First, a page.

Story & Photos by Robyn Scherer, M.Agr.
Kiowa, Colo.

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March 11, 2013
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Spring moisture needed for drought recovery


April showers bring May flowers, or so they say. Spring showers also bring one very important element to the state of Colorado, and that is much needed moisture.

Spring time is a time of year that the ground can absorb moisture without a high risk of evaporation. In years following a drought, this moisture is more important than ever to the path of drought recovery.

In general, February is too early for moisture to make a big difference. The ground still has a layer of frost, and moisture is unable to penetrate the soil.

“Mid-winter moisture doesn’t usually add that much to soil moisture in the Eastern plains because the ground if often still frozen. It was great having moisture at the end of February, however, because some of our best improvements happen in March and April,” said Nolan Doesken, Colorado State Climatologist.

He continued, “We need to get things off to a good start, and the moisture and cool weather is better. Anything that keeps vegetation dormant, and not pulling moisture and reducing evaporation rates, is a good thing. We need to stay in winter mode. It’s better for drought recovery.”

For the month of February, Colorado did not receive normal moisture, even with the storms. “Last month, most of the Upper Colorado River Basin received less than average precipitation. Through the higher elevation, precipitation amounts exceeded 1-inch in most areas, much of the UCRB received between 20 percent and 90 percent of average moisture for February. Part of southwest Colorado and southwest Wyoming received near to slightly above average precipitation for the month,” said Becky Smith, Drought Specialist and Graduate Research Assistant at Colorado State University in the NIDIS Weekly Climate, Water and Drought Assessment Summary dated March 5.

Snowpack in the mountains in an important indicator of drought, and so far, Colorado is behind. “Water-year-to-date SNOTEL precipitation percentiles in the UCRB are below the median throughout the entire basin. The northern and central Colorado mountain are below the 20th percentile at most locations, with several sites recording below the 5th percentile. Percentile rankings in southwest Colorado in the San Juan mountains are mostly in the teens,” said Smith.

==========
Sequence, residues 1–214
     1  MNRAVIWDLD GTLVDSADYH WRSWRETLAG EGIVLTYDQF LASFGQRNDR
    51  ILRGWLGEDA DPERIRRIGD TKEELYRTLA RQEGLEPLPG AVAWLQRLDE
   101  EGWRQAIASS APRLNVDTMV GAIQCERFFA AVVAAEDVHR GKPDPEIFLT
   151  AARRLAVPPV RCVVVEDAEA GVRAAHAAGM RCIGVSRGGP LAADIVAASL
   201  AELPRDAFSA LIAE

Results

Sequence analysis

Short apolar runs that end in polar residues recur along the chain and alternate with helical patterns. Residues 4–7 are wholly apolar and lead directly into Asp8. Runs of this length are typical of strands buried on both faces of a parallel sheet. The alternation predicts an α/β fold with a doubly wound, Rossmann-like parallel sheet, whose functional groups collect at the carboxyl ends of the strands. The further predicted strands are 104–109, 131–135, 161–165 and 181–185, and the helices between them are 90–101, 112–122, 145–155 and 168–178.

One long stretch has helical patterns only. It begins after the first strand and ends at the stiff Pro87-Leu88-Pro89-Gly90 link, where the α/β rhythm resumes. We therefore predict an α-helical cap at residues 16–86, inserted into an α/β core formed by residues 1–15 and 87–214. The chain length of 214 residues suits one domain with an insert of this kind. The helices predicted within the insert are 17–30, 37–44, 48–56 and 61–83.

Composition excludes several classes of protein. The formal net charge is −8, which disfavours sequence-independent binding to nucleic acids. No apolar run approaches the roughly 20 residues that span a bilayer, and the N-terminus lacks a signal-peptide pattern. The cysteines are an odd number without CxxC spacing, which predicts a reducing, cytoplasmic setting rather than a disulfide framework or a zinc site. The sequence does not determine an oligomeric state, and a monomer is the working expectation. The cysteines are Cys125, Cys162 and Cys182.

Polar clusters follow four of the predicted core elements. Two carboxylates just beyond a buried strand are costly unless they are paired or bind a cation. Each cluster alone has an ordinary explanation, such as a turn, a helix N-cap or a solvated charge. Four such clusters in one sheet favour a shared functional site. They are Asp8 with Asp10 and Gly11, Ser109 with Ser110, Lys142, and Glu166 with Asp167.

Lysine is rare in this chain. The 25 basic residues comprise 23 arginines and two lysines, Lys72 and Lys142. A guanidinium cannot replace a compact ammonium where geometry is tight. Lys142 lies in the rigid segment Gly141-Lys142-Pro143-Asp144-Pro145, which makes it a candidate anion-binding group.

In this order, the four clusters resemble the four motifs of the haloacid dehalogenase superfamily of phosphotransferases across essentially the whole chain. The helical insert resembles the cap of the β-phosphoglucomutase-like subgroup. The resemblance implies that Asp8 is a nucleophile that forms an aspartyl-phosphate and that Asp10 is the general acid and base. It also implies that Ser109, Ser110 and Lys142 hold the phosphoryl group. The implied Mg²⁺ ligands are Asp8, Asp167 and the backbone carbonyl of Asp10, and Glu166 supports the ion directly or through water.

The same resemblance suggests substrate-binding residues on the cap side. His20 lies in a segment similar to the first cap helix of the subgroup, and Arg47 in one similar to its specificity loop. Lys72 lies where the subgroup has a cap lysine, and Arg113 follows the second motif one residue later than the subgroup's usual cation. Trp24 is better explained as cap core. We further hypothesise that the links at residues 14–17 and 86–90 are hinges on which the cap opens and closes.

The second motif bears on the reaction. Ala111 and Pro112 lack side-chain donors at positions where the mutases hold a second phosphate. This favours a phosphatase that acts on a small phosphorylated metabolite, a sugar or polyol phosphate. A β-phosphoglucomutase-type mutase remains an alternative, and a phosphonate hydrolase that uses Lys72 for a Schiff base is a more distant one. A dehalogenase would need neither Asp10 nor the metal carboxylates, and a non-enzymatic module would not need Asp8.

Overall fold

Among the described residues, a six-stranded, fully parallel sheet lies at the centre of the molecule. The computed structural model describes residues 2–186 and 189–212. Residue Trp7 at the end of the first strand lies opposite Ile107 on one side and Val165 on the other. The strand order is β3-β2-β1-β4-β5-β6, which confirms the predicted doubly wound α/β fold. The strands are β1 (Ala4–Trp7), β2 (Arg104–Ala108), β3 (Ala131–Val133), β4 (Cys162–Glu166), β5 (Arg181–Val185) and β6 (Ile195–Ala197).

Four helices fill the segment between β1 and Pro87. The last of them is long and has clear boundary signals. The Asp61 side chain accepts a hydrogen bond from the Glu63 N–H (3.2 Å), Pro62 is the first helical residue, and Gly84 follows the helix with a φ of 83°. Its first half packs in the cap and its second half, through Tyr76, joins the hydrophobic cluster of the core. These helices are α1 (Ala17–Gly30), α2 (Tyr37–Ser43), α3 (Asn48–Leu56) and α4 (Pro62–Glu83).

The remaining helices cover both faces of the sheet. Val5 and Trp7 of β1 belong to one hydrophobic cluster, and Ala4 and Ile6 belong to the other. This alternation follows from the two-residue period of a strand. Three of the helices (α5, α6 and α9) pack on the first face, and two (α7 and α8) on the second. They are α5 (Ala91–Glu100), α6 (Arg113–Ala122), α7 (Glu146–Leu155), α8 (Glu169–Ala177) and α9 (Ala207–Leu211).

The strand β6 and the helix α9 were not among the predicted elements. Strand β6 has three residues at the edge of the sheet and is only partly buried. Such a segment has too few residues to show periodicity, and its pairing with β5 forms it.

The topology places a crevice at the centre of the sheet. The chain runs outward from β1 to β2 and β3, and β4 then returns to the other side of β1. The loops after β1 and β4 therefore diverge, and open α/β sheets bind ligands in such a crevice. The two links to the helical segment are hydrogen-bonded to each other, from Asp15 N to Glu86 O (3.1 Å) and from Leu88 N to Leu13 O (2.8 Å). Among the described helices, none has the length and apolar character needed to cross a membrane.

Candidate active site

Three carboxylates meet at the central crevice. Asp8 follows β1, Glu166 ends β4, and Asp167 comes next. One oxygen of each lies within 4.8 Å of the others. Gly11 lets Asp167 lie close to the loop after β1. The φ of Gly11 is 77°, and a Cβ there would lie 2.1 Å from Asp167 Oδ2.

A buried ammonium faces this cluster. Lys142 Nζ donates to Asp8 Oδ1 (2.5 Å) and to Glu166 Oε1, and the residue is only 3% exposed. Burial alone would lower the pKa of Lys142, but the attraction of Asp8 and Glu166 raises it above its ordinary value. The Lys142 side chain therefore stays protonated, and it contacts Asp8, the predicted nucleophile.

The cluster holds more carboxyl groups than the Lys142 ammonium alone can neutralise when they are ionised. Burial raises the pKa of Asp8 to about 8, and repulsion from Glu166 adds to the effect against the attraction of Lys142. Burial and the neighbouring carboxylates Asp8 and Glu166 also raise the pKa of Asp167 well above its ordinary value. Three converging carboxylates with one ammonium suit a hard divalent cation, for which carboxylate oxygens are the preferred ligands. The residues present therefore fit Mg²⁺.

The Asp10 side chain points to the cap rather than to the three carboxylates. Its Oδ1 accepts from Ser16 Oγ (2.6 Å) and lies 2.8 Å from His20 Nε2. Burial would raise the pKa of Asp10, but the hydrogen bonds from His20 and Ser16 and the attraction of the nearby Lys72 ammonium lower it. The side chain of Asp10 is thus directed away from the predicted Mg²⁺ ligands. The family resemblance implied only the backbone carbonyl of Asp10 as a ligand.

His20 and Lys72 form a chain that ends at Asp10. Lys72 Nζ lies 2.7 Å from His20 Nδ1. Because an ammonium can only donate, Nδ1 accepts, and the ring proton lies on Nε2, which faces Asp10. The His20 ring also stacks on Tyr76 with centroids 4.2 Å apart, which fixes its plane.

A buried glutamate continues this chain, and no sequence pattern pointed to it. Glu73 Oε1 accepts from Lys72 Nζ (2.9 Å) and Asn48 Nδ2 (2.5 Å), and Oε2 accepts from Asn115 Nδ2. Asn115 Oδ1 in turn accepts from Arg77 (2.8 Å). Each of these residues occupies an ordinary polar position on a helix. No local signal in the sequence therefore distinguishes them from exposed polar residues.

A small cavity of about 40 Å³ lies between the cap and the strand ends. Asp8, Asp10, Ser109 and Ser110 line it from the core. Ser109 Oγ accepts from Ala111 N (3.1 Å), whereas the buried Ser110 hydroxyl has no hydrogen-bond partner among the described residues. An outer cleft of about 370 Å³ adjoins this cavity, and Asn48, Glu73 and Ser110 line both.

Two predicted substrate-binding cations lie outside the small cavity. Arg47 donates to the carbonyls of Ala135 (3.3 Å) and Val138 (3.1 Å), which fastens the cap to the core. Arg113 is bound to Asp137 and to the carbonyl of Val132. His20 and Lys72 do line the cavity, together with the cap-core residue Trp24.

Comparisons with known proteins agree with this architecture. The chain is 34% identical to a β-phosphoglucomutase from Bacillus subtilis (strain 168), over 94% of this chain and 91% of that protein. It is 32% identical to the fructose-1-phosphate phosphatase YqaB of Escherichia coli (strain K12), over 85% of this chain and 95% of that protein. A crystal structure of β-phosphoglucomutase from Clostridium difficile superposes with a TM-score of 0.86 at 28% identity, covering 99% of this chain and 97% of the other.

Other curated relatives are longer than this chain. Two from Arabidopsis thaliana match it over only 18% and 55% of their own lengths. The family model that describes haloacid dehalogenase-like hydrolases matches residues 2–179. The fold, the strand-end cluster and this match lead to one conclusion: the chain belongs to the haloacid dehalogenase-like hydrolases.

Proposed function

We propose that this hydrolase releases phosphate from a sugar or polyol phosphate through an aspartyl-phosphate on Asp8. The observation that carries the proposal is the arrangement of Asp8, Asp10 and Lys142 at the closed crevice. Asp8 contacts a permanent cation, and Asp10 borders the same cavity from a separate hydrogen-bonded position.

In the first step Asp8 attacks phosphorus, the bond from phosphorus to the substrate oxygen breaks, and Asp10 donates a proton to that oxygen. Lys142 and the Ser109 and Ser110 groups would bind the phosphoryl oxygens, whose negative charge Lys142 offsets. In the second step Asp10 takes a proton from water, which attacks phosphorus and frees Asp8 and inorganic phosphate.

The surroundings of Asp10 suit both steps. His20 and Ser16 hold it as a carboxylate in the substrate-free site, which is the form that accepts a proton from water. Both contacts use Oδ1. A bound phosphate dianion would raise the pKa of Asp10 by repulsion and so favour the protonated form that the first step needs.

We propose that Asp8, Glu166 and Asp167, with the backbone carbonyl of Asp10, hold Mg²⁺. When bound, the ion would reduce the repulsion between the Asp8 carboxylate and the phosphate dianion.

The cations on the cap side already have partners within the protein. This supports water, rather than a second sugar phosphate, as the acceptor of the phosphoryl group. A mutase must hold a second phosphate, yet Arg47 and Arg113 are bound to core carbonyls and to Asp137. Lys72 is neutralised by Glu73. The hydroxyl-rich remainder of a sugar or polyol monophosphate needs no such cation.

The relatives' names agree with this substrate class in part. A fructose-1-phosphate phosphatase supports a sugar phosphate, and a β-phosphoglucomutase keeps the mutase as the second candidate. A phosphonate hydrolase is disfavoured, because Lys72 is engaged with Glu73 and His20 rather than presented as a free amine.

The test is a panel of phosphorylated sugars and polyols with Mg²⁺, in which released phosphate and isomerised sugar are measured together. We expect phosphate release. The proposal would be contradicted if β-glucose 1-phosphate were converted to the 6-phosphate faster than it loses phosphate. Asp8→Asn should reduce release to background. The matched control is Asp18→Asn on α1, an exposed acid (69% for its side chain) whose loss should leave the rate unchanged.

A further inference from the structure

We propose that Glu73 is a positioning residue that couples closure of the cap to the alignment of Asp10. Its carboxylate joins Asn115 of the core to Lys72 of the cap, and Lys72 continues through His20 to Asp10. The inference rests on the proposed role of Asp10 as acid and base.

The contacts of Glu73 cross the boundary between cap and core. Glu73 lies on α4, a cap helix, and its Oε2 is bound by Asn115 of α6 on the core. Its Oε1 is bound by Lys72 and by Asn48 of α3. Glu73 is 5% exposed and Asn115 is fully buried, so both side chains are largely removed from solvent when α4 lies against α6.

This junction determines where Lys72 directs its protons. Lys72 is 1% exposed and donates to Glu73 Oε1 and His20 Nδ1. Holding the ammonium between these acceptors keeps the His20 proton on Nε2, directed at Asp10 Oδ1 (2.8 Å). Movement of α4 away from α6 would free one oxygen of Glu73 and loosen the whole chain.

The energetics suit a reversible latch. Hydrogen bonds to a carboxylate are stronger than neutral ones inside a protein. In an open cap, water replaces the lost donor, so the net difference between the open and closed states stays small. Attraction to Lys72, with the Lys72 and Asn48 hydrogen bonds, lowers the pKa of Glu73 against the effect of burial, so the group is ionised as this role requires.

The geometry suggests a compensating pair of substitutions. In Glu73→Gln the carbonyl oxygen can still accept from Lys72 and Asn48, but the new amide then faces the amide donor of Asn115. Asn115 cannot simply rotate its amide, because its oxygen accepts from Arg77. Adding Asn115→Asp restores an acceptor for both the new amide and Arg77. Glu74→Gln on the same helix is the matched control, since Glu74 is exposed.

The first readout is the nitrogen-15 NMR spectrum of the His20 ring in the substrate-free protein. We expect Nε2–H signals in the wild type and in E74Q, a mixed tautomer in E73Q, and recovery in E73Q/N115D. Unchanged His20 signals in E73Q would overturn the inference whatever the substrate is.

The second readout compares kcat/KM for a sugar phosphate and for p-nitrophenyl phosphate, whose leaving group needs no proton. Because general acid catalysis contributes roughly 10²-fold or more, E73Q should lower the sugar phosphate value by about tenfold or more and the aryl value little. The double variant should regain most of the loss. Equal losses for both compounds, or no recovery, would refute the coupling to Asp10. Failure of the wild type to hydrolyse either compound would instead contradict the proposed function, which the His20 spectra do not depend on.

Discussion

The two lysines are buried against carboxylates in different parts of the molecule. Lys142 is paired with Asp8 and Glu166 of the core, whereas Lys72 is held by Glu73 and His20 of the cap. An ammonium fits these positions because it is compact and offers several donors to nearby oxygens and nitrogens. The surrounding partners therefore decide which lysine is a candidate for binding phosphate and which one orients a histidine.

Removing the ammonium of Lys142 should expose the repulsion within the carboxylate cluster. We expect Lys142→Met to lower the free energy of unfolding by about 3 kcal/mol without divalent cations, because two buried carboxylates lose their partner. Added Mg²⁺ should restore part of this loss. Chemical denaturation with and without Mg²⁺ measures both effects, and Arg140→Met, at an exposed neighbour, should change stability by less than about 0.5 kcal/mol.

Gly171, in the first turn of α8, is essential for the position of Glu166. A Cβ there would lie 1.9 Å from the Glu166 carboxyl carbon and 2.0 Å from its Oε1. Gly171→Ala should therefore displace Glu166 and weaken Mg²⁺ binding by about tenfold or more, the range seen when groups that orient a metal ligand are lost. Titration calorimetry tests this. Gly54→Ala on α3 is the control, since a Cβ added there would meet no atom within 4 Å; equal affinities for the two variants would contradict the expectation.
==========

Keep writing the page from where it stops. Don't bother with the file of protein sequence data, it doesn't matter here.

She continued, “Accumulated snowpack is currently less than normal across the entire UCRB. Sub-basins in western Colorado range between 74 percent to 81 percent of normal snowpack. The northeast Utah and southwest Wyoming basins, which had been closer to normal for most of the water year, are now a little lower, ranging from 75 percent of normal to 87 percent of normal for the season.”

Temperatures in February have been cold, which is good in terms of keeping vegetation dormant. “Last month, the entire UCRB saw below average temperatures ranging between three and nine degrees colder than average. East of the basin, the rest of Colorado experienced slight below average temperatures for February. Last week, the entire region saw temperatures ranging from three to 12 degrees colder than average.”

Reservoir volume is also important in drought recovery. “Last month, most of the major reservoirs in the UCRB saw slight decreases in volume, which is normal for this time of year. Blue Mesa has stayed near steady for most of the calendar year though it usually decreases this time of year. McPhee decreased in volume, though it normally increases slightly in February. Lake Granby saw large volume decreases last month. Flaming Gorge is the only major reservoir near its March average. The rest of the major reservoirs range between 55 percent and 90 percent of average for the month of March,” Smith stated.

Going forward, Doesken feels optimistic about the state’s chances for moisture. “The predictions made for the spring months have not been favorable all through the winter. Most likely, but not for certain, it will be warmer than average and dryer than average. However, with that being said, the storm track has been active, and we have had a steady sequence of storms. Overall, there is a much more optimistic outlook for spring than we had a few weeks ago,” he said.

The importance of the spring storms in the next few weeks will be vital to recovery. “The next storm is the most optimistic for Northeast Colorado into Nebraska. March storms do so much good. The soil has less frost, so that moisture is more likely to go into the soil. We need the moisture first, before we get the wind. That makes a big difference. It’s always a waiting game for spring moisture and spring winds”

Moisture would greatly help the state, but because of the drought, it will be an uphill battle. “My biggest concern is the fact that we were deep enough in the hole from last year over the entire state: forests, mountains, reservoirs, dryland and irrigated regions. We ended the year with such dry soils, that we know that we are considerably vulnerable going into this year,” said Doesken.

He continued, “Spring is such a critical season. It’s our best chance of recovery, and easiest time to slip deeper into drought. It’s a long path to recovery, but have made a good run so far, and there is general optimism. However, everything hinges on these next few weeks. The moisture would be a wonderful inconvenience.” ❖




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